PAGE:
Return to the main Vincent van Gogh Gallery page

Vincent's Daughter

by Josh Randall


At the Face To Face show,
in the last, darkest room
- June and July, 1890 -
filled with art school babes, old hippies,
swells in blazers, moms in wheelchairs,
hangs Child With An Orange.

It's one of the lesser-known
world-changing masterpieces
van Gogh turned out
at the rate of something like one
every other day
in his last thirty months in this world.

Arles's yellow brought north to Auvers,
mixed with soft blue
for background respiring plant life
and crimson right out of the tube
- Vincent's lunch! - for Child's orange.
Umber streaks throughout.

But mostly sweet sunny yellow.
As if he could just pour all his
sun, his yellow smiles and spheres
onto one small canvas
and talismanize away the wavy
dark purple creeping up to eat his ear.

She's small, five or six,
composed of spheres and arcs -
head, hair, blouse and skirt,
puffy peach fuzz cheeks,
her orange.
Her smile, the bravest half circle

in the world, inscribed into the paint
with a casual genius flick of the wrist.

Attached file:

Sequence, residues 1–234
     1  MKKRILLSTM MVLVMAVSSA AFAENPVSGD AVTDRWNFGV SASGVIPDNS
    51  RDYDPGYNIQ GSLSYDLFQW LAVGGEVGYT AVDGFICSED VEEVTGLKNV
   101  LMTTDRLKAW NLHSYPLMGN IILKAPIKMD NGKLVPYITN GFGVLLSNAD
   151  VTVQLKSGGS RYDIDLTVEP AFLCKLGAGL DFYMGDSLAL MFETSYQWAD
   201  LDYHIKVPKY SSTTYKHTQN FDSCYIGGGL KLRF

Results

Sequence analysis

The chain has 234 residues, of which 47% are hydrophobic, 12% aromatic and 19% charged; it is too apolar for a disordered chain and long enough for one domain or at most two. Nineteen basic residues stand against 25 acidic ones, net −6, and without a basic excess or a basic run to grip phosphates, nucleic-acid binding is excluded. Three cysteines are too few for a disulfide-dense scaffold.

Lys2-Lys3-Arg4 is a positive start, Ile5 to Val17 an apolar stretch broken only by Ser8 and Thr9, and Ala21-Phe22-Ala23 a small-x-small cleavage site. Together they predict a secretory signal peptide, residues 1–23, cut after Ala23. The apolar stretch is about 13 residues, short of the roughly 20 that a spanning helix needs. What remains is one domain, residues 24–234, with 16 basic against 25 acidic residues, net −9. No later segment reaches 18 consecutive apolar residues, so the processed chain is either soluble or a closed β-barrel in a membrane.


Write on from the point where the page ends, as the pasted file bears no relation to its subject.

Not slashed by a sharpened paint brush handle.
Her smile sits in answer to the ashen adulthood
of her eyes.
Does not deny them.

She smiles sweetly, sadly,
at her tasty Orange,
sometimes titled her Red Ball.
It could be her Blue Earth.
It didn't work for Vincent.
He shot himself behind a manure pile.

Dragged himself home like
a squirrel, struck in traffic, would drag
his new, paralyzed, hindquarters
home, to the woods. To the
only home he knew, or needed.
And us too late to swerve out of mercy to him.

Vincent told Doctor Gachet, "Don't
operate. Don't remove the bullet. If you do,
it will all have to be done all over again."
Goodbye, Vincent, thank you.
Maybe it worked for Child.
Maybe it'll work for you and me.

I hope it'll work for someone else's
daughter, a real live girl this time.
She stood with Dad in front of Child,
drawing Child, doing it right.
Seeing the circles and smiles
with a casual genius flick of the wrist.


Return to the Visitors Submissions page

Return to the main Van Gogh Gallery page